February Allotment Jobs

February Allotment Tips

  • Avoid planting out too early due to the risk of frosts
  • Sow seeds indoors/under glass
  • Potato chitting
  • Fruit tree planting and pruning

What to grow in February

These be sown directly outdoors dependent on location and it's climate:

You can sow indoors in a warm and light position:

February weather can still be troublesome; especially in cooler locations so there is still very few vegetables you can sow directly. However, you can start to sow seeds this month indoors.  

We know you are keen to get going and there are plenty of jobs to get done on the allotment plot this February. 

You can still prune fruit tree and plant new ones, especially raspberry and canes. 

You can sow broad beans directly and garlic and shallots. 

To start your seeds, you can sow some early varieties of lettuce, carrots, and peas indoors. You can also sow tomatoes and chillies in a heated propagator. 
Depending on the variety and your location, you could try starting parsnips, but it could still be too early/cold. Parsnips are renowned for having a poor/long germination period so it might be worth trying a few.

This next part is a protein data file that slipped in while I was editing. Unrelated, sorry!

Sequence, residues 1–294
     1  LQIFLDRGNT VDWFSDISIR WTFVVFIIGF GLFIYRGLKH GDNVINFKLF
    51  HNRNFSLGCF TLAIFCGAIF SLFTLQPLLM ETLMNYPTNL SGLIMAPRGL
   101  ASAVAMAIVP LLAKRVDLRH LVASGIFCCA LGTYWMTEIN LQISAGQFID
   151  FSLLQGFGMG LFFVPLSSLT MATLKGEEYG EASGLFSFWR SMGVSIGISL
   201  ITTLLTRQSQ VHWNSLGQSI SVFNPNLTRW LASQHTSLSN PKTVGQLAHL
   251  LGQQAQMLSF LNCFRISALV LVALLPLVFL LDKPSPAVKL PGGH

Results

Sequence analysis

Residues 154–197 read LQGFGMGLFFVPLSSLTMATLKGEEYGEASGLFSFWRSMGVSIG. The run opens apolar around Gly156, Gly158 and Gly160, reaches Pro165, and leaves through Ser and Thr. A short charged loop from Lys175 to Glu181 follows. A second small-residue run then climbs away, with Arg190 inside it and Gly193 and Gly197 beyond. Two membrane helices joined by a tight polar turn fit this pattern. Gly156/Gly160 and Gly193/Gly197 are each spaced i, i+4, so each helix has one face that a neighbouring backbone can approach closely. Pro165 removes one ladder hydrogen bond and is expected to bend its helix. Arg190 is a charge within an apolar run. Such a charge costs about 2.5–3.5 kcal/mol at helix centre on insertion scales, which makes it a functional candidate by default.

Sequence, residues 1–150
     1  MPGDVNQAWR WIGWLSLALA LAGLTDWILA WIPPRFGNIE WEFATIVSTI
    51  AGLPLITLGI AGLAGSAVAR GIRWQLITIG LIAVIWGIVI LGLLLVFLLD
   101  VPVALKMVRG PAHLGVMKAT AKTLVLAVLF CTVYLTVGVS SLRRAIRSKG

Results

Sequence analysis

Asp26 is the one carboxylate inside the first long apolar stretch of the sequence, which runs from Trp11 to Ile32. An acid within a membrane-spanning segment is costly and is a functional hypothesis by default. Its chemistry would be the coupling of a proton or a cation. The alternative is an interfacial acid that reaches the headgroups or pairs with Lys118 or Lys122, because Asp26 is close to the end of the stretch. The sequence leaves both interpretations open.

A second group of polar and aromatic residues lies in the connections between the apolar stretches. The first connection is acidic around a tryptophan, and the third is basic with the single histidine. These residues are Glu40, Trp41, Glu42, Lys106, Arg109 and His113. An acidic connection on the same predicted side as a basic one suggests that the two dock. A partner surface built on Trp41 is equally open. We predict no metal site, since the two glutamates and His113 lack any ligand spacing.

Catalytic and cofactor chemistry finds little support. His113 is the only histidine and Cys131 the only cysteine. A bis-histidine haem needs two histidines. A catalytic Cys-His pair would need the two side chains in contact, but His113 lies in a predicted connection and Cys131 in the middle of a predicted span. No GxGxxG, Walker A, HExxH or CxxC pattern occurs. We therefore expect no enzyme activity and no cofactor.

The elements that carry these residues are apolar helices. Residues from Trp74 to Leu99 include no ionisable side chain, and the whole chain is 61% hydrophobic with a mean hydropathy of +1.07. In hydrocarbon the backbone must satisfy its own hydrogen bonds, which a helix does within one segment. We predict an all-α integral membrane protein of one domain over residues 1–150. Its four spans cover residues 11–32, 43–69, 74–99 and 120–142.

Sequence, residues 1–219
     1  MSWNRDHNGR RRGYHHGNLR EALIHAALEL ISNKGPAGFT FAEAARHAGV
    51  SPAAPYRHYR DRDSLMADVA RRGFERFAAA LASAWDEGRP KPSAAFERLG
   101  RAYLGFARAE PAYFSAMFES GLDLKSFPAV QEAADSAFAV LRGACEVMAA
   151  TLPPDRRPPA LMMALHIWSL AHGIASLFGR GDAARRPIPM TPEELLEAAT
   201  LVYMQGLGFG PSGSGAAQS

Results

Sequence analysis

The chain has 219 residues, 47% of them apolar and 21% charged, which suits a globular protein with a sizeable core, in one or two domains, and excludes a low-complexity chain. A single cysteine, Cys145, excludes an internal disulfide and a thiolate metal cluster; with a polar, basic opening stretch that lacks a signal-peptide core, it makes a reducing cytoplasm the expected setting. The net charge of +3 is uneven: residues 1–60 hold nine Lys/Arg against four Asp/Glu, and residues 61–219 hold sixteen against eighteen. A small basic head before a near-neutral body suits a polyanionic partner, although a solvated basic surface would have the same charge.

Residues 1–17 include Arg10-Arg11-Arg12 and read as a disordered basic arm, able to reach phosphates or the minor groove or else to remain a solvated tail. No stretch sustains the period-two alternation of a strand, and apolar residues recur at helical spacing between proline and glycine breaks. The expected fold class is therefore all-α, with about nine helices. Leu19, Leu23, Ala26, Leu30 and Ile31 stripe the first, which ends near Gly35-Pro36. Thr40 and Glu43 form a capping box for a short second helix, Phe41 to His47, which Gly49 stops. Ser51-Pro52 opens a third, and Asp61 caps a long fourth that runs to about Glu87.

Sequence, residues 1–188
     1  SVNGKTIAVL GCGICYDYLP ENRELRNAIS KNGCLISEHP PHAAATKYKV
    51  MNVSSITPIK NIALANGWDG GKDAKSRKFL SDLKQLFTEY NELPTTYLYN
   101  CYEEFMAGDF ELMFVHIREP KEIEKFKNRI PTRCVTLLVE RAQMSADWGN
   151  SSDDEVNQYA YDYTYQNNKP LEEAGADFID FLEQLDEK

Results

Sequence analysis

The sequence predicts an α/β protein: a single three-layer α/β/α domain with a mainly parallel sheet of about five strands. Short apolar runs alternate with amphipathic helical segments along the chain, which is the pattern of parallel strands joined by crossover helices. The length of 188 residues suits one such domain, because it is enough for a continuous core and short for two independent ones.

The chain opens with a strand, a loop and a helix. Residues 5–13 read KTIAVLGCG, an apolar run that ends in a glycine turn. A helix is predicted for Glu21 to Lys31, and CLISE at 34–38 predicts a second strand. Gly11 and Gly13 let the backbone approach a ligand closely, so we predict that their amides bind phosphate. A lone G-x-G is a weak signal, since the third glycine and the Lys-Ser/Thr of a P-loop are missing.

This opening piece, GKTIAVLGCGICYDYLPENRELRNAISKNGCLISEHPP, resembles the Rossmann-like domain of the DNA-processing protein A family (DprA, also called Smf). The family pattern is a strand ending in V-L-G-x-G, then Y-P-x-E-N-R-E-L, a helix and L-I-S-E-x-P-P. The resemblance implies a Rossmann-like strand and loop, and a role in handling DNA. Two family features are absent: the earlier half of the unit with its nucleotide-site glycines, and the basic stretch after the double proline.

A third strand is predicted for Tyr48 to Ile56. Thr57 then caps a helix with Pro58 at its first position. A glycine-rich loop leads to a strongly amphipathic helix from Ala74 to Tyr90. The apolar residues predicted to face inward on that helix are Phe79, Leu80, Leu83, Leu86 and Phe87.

Indoor seeds will require light, warmth, and watering. If you are using lidded seed trays, open the vents as required if they are sitting on a particularly sunny spot. You can also provide your seeds with extra false light, for example a lamp, tin foil and so on to help prevent leggy seedlings that are weak. Quite often, growers start their seeds too soon and it results in them having to start again. 

You may have waited until this month to chit your potatoes. They are best done during February rather than earlier if you are in a cooler climate. You can find out more about Potato Chitting on our other page.

Weather and location dependent, you may still be required to protect some of your crops with fleece. Particularly shady and sheltered plots and beds. 

Alongside the growing, you may still be working on structural projects, cleaning, and clearing jobs and preparing soil and beds; the list goes on.  

Keep adding in the mulch for shady, wet areas and remove any decomposing vegetables and rogue potatoes from last season, which will help prevent the spread of diseases.  

Now for the best part of all your hard work on the allotment - Harvesting! You probably still have parsnips, swede, leeks, and some brassicas such as kale and cabbage to lift.  

If you are hoping for an early harvest of rhubarb, you can 'trick' them by placing a large pot or bin over the crown and they will grow in the dark. Insulate the vessel you are using to keep the heat in. The disadvantage of using this method is that the crowns do become weak and drawn of all energy and therefore will not produce and be dormant for a couple of years. 

You should also check any of last year's crop you have in storage for re-growth or damage and decay. 

Well, we are nearly in Spring! Happy growing folks! 


Go to March Allotment Jobs